I've been pretty sick this last week so I decided to work on something that was fun. After talking with Don Bradshaw at http://www.quipoz.com in Sydney and after trying to convert ANTLR v3's grammar (written in v2) into v3, I decided to build TreeWizard. ANTLR has a nice facility for creating trees from input symbols like:
But, sometimes outside of the grammar file (or in severe cases in a grammar action) you need to build a tree in raw code. Further, there are many cases, as Andy Tripp will tell you, that building a tree grammar is a overkill just to examine a few subtrees. You might want to simply print out all of the declarations defined in the tree. You don't care about the tree structure except for the declaration itself. A grammar for the full tree is a lot of unnecessary work.
TreeWizard is my first attempt at a utility class that lets you create and navigate trees without relying on an ANTLR grammar. You will find it attached with about 30 unit tests. This is only my development branch so we are free to update, change, and otherwise mangle the definition. I just want to make sure that we have something out there that people can try out to make sure I'm going in the right direction. See the unit tests for more examples than I give here. Also note that I think I changed CommonTree's getText to not call toString(), but call getText():
Creating a tree is a simple matter of supplying a pattern for the tree using the token names from an ANTLR grammar:
where the tokens from your parser look something like:
Once you create a TreeWizard, you can keep calling create as it will know what kind of nodes to make, how to hook them up, and what the token types are for the token names. The wizard really only has write-once data in it...just a convenience so you don't have to keep passing stuff to each of the methods.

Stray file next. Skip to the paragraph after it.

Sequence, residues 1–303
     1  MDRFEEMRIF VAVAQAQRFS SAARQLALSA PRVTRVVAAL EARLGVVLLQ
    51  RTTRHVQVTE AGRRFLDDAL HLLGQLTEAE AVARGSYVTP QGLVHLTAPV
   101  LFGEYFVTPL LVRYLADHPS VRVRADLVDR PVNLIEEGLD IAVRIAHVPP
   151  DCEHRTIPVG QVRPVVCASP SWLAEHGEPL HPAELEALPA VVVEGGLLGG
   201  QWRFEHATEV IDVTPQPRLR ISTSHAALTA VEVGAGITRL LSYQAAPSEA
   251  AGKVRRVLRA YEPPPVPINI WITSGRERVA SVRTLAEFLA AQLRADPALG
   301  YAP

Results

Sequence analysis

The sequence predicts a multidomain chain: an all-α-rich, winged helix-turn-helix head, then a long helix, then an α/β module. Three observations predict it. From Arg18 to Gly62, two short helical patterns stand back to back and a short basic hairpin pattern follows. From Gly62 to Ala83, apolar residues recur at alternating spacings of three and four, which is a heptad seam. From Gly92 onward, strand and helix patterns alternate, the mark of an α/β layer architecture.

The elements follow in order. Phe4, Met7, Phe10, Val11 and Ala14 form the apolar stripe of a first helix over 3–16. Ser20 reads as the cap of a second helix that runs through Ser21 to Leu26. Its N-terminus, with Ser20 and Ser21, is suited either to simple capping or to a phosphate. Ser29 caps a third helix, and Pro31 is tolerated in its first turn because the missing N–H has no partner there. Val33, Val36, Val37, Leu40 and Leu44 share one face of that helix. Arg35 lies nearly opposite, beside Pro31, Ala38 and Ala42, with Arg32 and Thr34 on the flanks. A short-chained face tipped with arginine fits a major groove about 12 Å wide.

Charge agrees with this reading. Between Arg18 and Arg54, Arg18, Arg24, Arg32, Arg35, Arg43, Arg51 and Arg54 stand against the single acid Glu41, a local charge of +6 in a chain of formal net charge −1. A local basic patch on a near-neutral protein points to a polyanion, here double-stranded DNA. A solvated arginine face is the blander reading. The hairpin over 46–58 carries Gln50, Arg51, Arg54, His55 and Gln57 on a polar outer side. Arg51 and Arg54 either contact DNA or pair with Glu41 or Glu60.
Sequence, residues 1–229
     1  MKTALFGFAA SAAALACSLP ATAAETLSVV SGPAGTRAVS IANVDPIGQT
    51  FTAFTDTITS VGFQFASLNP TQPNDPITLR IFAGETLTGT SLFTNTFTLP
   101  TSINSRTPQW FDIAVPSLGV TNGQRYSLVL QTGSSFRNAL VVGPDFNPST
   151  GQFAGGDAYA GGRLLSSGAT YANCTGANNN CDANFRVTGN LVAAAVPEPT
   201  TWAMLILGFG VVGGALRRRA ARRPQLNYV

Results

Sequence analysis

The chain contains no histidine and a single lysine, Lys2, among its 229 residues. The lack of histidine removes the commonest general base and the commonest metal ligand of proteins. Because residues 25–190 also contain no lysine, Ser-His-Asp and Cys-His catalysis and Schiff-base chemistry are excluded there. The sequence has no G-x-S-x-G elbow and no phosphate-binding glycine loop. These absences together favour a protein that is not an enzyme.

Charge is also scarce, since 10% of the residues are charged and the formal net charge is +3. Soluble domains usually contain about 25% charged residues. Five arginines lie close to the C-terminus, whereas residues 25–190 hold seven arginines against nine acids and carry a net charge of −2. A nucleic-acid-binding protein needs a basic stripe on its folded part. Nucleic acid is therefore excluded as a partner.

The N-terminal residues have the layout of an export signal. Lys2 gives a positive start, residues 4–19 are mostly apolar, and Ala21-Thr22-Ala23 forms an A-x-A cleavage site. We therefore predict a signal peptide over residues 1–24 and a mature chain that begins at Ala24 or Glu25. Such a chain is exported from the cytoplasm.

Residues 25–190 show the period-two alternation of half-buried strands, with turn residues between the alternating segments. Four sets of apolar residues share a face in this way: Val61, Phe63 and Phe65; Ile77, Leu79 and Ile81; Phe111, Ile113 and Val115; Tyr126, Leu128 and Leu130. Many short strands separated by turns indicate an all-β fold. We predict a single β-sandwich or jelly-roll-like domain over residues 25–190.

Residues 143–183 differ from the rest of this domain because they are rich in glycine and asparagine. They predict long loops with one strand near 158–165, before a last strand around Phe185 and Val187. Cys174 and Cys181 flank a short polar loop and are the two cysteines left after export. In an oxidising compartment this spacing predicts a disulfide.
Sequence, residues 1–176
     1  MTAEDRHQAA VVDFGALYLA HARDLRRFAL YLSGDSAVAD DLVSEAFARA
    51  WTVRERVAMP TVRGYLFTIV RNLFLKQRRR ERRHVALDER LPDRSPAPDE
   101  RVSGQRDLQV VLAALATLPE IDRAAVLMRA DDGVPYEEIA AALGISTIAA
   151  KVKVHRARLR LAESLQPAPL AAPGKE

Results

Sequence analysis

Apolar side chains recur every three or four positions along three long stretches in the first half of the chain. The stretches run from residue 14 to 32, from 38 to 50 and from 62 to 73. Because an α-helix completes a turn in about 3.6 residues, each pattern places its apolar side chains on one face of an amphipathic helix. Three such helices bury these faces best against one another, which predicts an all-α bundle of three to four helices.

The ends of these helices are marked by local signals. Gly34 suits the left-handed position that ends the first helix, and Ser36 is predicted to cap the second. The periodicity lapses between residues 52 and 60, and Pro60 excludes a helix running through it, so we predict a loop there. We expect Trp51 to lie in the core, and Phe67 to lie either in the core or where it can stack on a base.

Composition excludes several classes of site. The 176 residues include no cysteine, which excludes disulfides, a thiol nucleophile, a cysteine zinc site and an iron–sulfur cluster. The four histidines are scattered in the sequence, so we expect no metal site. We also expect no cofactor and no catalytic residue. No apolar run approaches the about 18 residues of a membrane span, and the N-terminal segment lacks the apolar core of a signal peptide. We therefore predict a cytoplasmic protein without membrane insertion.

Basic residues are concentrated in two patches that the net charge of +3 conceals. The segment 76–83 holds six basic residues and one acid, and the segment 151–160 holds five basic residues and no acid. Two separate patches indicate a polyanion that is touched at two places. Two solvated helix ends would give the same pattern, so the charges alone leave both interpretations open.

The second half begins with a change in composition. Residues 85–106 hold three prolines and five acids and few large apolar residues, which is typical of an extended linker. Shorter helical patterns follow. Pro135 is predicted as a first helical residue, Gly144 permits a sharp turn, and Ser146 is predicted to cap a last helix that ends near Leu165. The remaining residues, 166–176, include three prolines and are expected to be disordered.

Oh, if you want to set the text of a node, use the argument syntax with no quotes:
If you want to compare two trees, you'd have to write your own method to do so right now. The equals() method in Java is not necessarily the right way to implement either because that is probably just matching to nodes not trees. The TreeWizard provides a method to check the equality two trees (one static and one instance method):
If you would only like to match the structure of a tree, but not the text associated with each node (so that, say, any ID node will match), use the parse method:
Wildcards work too:
Sometimes you want some of the nodes to match the text exactly, but most of the time match just the structure. You can do that too:
Getting pointers to subtree nodes
Matching trees is great, but most of the time you want to get a pointer to some of the children not just determine if the tree structure matches. To accomplish this, label the elements in the tree pattern and pass in a hash table that the parse() method can fill in:
labels.get("a") points to the root etc... Cool, eh?
Sometimes you want a list of all nodes with a certain type like VARDECL or METHOD:
Sometimes you want all lists for each token type:
In order to visit all nodes a particular type for all subtree that match a particular pattern, use the visit() method. For each node or subtree that matches, TreeWizard invokes the method and the following interface:
Notice that it passes you a lot of interesting contact information including "who's your daddy?" and "what child am I?" The labels printer is not set unless you're matching against a tree pattern (i.e., won't work for matching against a token type).
Here is some code that visits every B node and puts them into a list, which is of course how I implemented the find() that returns a list.
where Visitor is just a convenience class that makes it easier for you to implement if all you want to do is visit without context information:
Now, let's say that you want to match a bunch of subtrees for declarations and pick out the identifier in each. No problem: